From breakfast biscuits to whimsical wedding cakes, the baking industry covers a wide range of edible goods. And with limited shelf life, regional bakeries continue to reign supreme. The result is ample opportunity for opening a new bakery business.
With that said, food-based businesses are some of the riskiest ventures to launch. The vast majority will fail within their first year. Given the stakes involved, aspiring bakers must make the right moves when opening their new bakery.
Let’s take a look at several useful tips for opening a profitable bakery:
Decide on Retail or Wholesale
Many bakeries are largescale operations selling their baked goods to hotels, restaurants, stores, and other businesses. Others are of the “mom and pop” variety, baking in small batches and serving consumers directly. While many operational aspects overlap, several key differences exist between retail bakeries and wholesale ones. For example, industrial-scale bakeries utilize demand management to save money, whereas smaller operations focus more on supply-based ways to lower costs. With that said, the most significant difference between retail and wholesale bakeries is scale; small shops sell small batches, big factories sell big orders.
Determine the Menu
Very few bakeries, big or small, sell more than a dozen or so different products at one time. While you might want to make dozens of different types of baked goods, it’s best to stick to a handful of items. Expanding your menu can happen later. A limited menu at the start will keep costs low and help you hone your craft.
Develop a Signature Product
Most successful bakeries become known for one or two popular offerings. Consider developing a truly one-of-a-kind menu item, whether it’s a killer cupcake, mouthwatering muffin, or scrumptious scone. If you haven’t determined what it is, your customers may do so via their wallets; if one item sells out every day while others get thrown out, take the hint and start selling more of the popular product and less of the other one!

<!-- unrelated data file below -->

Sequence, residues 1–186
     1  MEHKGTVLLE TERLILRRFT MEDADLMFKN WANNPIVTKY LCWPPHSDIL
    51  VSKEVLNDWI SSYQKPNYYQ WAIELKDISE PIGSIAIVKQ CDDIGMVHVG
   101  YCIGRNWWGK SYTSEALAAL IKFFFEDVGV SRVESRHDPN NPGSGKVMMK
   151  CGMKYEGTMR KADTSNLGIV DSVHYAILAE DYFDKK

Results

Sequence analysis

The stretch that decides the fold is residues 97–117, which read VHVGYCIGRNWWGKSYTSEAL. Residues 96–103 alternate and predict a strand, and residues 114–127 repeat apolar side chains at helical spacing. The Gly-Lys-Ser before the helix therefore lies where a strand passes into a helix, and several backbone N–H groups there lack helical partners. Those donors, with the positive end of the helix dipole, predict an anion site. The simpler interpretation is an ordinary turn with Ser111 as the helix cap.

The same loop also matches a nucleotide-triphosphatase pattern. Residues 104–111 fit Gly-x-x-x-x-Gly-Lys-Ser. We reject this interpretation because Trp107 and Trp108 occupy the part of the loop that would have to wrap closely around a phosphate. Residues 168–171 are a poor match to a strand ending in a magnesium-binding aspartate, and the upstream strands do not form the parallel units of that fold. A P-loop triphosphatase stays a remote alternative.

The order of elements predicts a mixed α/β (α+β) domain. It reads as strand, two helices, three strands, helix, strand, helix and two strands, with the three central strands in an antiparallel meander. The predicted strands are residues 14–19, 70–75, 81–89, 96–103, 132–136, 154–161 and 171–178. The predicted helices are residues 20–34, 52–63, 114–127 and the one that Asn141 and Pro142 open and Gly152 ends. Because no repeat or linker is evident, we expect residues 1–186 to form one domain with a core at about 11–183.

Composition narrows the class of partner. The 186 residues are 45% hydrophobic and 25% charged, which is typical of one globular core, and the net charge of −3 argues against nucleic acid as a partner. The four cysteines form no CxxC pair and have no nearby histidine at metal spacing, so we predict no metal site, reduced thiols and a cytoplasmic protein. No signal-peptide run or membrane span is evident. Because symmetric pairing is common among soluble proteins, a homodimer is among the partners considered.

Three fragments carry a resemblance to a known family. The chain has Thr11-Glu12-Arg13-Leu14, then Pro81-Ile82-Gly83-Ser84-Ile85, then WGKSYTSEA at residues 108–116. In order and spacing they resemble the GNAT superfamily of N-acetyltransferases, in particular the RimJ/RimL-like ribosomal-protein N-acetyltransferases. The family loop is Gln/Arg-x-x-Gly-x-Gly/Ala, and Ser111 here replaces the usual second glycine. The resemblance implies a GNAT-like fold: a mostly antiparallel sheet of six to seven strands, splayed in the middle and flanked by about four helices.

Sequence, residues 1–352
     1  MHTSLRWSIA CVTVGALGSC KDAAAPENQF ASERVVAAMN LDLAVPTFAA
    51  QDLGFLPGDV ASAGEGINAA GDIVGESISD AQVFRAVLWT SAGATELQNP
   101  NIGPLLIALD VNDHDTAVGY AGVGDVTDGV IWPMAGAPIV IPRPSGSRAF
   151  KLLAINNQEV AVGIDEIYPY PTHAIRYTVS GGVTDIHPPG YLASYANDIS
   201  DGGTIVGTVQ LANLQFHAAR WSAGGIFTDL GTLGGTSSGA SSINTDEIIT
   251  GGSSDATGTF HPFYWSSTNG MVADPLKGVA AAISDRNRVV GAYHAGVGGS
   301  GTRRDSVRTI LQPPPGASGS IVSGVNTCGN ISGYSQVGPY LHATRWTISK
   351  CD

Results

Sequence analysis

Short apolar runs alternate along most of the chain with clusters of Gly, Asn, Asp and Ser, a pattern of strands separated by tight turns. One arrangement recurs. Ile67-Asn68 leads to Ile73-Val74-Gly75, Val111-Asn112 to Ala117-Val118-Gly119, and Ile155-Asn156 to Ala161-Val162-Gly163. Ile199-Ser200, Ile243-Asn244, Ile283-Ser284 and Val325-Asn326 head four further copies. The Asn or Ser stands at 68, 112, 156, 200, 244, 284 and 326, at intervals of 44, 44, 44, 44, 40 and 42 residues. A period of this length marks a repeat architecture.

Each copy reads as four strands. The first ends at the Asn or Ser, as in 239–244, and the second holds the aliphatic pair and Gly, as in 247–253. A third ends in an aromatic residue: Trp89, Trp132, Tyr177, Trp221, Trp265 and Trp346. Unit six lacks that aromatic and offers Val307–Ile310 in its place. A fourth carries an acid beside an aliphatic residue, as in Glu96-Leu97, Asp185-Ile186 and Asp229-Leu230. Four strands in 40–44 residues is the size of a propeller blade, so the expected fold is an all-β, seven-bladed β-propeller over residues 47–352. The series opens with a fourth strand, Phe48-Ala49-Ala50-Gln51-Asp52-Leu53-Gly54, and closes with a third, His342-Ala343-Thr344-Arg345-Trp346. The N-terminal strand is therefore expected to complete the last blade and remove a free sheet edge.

Design a Thoughtful Workspace
Instrumental to the early success of fast-food restaurants like McDonald’s was the revolutionary way they approached kitchen management. The kitchen floor was tailored with a specific workflow in mind. Every step every worker made from one station to another was calculated along with the cooking process to maximize efficiency and reduce waste. Startup bakeries should do the same.
Digitize Your Business Day One
No matter how quaint your little bakery looks on paper, it’s still operating in the 21st century. It needs an active social media presence, an updated website, and dynamic digital marketing apparatus. In the age of COVID-19, it’s also a good idea to set up online purchasing options. These need to be in place from day one.
Design a Great Logo
Like any business, big or small, a great logo doesn’t hurt when opening a bakery. Either design it yourself with rough edges or hire a graphic designer to create a professional image.
Develop a Network of Suppliers and Vendors
The cost of your ingredients and other supplies will play a critical role in a bakery’s ability to turn a profit. While it’s difficult to negotiate discounts at the onset, building relationships with a network of suppliers and vendors will lead to better prices down the line. This will be especially easy to do if you can buy at greater volume due to growing sales.
Donate Your Leftovers
Despite their best efforts to throttle production to match sales, most bakeries end up with loads of unsold food at the end of the day. Rather than throw it away, consider donating it to local shelters and other organizations helping persons in need. It’s an easy way to help the community, so why not?
Opening a food service business is never easy. Bakeries are no different. But knowing which moves to make and buttons to push will help maximize your chances of business success. Happy baking!
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